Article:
Turning to the question of religious harmony, His Holiness said that close investigation shows that all the major religious traditions carry the same message of love, tolerance, self-discipline and contentment. There have been many people from different faiths who have dedicated themselves to working to benefit others, which shows that methods may differ, but the goal remains the same. “Whenever I give a talk, I point out that we were all born from our mother and received warmth and affection from her. This early experience of affection equips us to show affection to others in turn. Affection is very important. Scientists have shown that when two animals suffer similar injuries, the one with an affectionate companion recovers quicker than the one who remains alone.  “Other scientists are conducting experiments to measure the effect of training in warm-heartedness. People undertake training for half an hour to an hour a day for three weeks. Before they begin their blood pressure and stress levels are measured. After the training findings show marked reduction in blood pressure and stress and an improved sense of happiness and better social interaction. So, regardless of whether you are religious or not, values like warm-heartedness are helpful for leading a happy life.”
Local schoolchildren had been given the opportunity to ask His Holiness a question and a young girl began by asking how he’d been chosen as Dalai Lama. He explained that Buddhism, like other Indian traditions, believes that we live life after life. In Tibet, it was also believed that some spiritually accomplished people could choose where and when they’d be reborn. This first happened about 900 years ago when one spiritual master left a will stating that he would be reborn in such and such a place, in such and such a family.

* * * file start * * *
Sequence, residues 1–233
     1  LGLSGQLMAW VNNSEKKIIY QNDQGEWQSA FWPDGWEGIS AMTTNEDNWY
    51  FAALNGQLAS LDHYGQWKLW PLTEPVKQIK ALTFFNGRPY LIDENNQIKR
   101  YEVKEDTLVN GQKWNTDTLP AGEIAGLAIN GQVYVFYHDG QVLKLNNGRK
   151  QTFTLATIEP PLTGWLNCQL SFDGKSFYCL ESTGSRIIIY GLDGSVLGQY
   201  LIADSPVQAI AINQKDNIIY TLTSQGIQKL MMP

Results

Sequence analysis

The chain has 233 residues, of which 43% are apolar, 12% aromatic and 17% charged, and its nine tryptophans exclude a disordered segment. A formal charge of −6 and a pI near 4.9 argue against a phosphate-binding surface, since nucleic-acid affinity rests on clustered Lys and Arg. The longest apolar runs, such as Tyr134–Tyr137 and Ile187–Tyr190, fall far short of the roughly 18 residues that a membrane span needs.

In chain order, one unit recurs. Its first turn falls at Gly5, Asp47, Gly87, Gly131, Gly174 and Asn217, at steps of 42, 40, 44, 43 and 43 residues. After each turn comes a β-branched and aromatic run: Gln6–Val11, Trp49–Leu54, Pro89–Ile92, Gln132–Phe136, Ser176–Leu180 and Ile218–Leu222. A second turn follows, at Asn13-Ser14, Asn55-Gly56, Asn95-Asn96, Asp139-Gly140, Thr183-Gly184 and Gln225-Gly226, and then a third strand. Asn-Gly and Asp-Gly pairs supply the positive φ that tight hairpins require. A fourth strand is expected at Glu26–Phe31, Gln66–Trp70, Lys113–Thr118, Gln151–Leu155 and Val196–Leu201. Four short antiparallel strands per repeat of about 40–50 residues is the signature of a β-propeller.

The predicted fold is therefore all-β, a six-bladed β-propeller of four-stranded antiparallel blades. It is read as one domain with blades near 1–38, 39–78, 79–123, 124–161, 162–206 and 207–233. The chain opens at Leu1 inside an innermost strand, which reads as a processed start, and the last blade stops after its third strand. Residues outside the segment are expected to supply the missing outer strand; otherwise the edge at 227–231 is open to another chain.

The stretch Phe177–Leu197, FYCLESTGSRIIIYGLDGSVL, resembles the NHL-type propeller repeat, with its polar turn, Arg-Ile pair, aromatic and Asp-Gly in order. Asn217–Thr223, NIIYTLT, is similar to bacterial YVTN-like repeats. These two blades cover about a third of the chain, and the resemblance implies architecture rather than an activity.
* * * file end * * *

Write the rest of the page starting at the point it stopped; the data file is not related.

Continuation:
“About 500 years ago, a boy was born and recognised as the reincarnation of the previous Dalai Lama. When a Dalai Lama passes away people look for his rebirth. After the 13th Dalai Lama passed away there were signs that he’d be born in Eastern Tibet. A search party sent out to look for him came to our village and visited my house.
“There were three candidates, including me. One died and of the remaining two I passed the tests successfully and was chosen. My mother told me I recognised monks in the search party, identifying them by name. And when various possessions of the 13th Dalai Lama were laid out with attractive alternatives, I chose the right ones. Apparently, I picked up the 13th’s rosary turned the beads, recited some mantras and put it around my neck. “
Another questioner wanted to know why the path to enlightenment is so difficult and can we be happy as we are. His Holiness replied that any serious spiritual practice is difficult.
“However, if you can at least be warm-hearted you’ll reap great benefits. You’ll have friends; your children will grow up to be kind people, which is the proper way to build a happier society and a happy life.”
Someone who had been to Tibet asked how His Holiness can be happy apart from his people and he replied that considers the world his home and that he is a citizen of the world. He said warm-heartedness is the key factor that allows him to smile and be happy, even in the company of strangers.

Finally, asked if he ever cried, His Holiness answered: O, a lot. When I was young, sometimes I lost my temper and would cry. When I come across sad situations I cry. And when I think of the great value of compassion, I am moved and I sometimes cry in public.
Now here’s a strange thing. We weep when we are overjoyed, when we are very sad and when we laugh. On a physical level our tears are all the same, but they indicate completely different kinds of experience on a mental level. I wonder why that is? Thank you.”